Twelve months ago there were tears of despair as Maria Sharapova suffered the heaviest defeat of her Grand Slam career when she took only three games off Serena Williams in the final of the Australian Open. They flowed again here today in the Rod Laver Arena, but this time they were tears of joy as Sharapova claimed her third Grand Slam title with a 7-5, 6-3 victory over Ana Ivanovic.
The result crowned a fine comeback by the 20-year-old world No 5, who won only one title last year after a shoulder injury seriously disrupted her campaign. Over the last fortnight Sharapova has rediscovered the form that took her to victory at Wimbledon in 2004 and the US Open in 2006 and her big-match experience proved decisive here.
Although Ivanovic did not suffer from a repeat of the nerves that saw her fold against Justine Henin in the final at Roland Garros last summer, her game eventually fell apart in the face of Sharapova's excellence. The 20-year-old Serb made 33 unforced errors to Sharapova's 15 as her game melted under the fierce Melbourne sun, with the temperature nudging 34C. Her ground strokes, particularly on the backhand flank, grew increasingly clumsy.
Sharapova put only 54 per cent of her first serves in court, but when she did find the target the effect was devastating, with Ivanovic winning just 11 per cent of the points on her opponent's first serve. Despite hitting only two more winners than Ivanovic – 16 to the Serb's 14 – Sharapova's consistency was decisive.
Ivanovic had made a shocking start in her semi-final against Daniela Hantuchova, losing the first eight games, but she began in confident style here as two service winners were followed by a second serve ace. In the fifth game, however, Sharapova turned on the power and made the first break as Ivanovic, under pressure, put a backhand out.
Sharapova was leading 4-3 when she dropped the first point on her own serve, hitting a forehand long. Ivanovic drew encouragement and after scorning one break point when she put a backhand in the net did not have to do anything to convert the second as Sharapova served two double faults in a row. The Russian had served another earlier in the same game, but they were her only double faults in the whole match.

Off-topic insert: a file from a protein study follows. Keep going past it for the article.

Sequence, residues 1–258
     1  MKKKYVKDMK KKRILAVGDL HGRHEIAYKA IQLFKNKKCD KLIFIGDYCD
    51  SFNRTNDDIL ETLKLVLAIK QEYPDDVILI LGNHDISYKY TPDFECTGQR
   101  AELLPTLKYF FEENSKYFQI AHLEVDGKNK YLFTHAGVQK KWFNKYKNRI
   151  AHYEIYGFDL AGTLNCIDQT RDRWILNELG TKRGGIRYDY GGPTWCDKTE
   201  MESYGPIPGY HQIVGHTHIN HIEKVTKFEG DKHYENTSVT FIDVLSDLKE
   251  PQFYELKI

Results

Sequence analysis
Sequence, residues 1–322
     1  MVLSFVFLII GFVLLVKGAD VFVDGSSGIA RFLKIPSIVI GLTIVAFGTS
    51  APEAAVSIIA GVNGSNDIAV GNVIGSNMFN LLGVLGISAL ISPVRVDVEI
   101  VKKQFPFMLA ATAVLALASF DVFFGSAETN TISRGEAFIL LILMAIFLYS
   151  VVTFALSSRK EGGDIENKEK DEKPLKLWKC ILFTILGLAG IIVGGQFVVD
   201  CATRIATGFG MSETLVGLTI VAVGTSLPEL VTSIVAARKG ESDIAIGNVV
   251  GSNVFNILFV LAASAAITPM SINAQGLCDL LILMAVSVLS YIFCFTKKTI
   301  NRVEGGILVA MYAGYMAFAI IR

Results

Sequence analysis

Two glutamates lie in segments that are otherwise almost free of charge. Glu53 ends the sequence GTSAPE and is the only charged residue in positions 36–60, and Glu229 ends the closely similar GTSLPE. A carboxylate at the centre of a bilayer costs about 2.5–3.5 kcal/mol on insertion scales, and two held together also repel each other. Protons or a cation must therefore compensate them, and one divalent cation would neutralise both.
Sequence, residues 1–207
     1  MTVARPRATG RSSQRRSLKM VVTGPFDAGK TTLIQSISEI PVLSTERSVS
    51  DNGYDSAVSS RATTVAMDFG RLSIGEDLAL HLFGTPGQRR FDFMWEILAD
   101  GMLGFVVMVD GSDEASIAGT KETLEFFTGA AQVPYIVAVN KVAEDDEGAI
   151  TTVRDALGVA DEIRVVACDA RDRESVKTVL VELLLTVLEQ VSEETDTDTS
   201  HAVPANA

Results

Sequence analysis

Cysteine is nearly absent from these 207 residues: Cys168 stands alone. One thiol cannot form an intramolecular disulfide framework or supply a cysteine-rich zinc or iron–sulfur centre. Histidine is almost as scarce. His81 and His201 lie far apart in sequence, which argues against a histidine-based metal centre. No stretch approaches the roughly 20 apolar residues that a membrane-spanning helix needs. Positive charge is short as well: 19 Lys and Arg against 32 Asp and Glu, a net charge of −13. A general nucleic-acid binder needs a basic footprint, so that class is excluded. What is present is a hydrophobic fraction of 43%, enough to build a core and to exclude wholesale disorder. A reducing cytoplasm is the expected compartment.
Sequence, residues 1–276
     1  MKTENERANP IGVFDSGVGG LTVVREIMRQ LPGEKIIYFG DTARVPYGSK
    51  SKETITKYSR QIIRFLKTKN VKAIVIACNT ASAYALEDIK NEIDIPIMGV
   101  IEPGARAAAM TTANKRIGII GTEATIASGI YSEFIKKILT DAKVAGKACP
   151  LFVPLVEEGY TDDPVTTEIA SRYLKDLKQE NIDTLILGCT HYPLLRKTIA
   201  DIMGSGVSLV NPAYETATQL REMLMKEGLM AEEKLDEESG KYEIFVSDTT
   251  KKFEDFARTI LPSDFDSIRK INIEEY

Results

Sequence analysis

The first set beckoned for Ivanovic when Sharapova went behind 4-5 and 0-30 on her serve, but the Serb could not force home her advantage. "It was definitely a tough moment," Sharapova admitted later. "I just kept going and didn't get frustrated. I just tried to be steady and I managed to serve my way out of trouble."
In the following game four errors – two on the backhand and two on the forehand - presented Sharapova with a second break and she served out to love to take the first set in 49 minutes.
Ivanovic clung on at the start of the second set, holding serve after five deuces in the opening game, but Sharapova broke when the Serb played a poor game at 3-3, double-faulting and netting a limp forehand from 30-30. At 3-5 Ivanovic went 0-40 down. Poor Sharapova returns saved the first two match points, but on the third Ivanovic hit a forehand out to give the Russian victory after 91 minutes.
Sharapova, who did not drop a set in the entire fortnight, sank to her knees in relief and there were tears in her eyes as she went to shake hands with Ivanovic. The Russian, who said later that she had been inspired that morning by a text from Billie Jean King, ran over to celebrate with her entourage.
In her victory speech Sharapova dedicated her win to the memory of the mother of her hitting partner, Michael Joyce, who died last year. She added: "This is just incredible. If someone had told me in the middle of last year that I would be standing here in front of you with the big one I would have said: 'Forget it'."
Ivanovic was in tears as she thanked the crowd for her support. Melbourne, where there is a sizeable Serbian community, has happily embraced the new world No 2, who has an uncle here. There were banners of support in the crowd, including one that read "Australia loves Ana".
"You were the best crowd here and I enjoyed it so much," Ivanovic said. "I'm very emotional and you guys have made it a really special experience for me."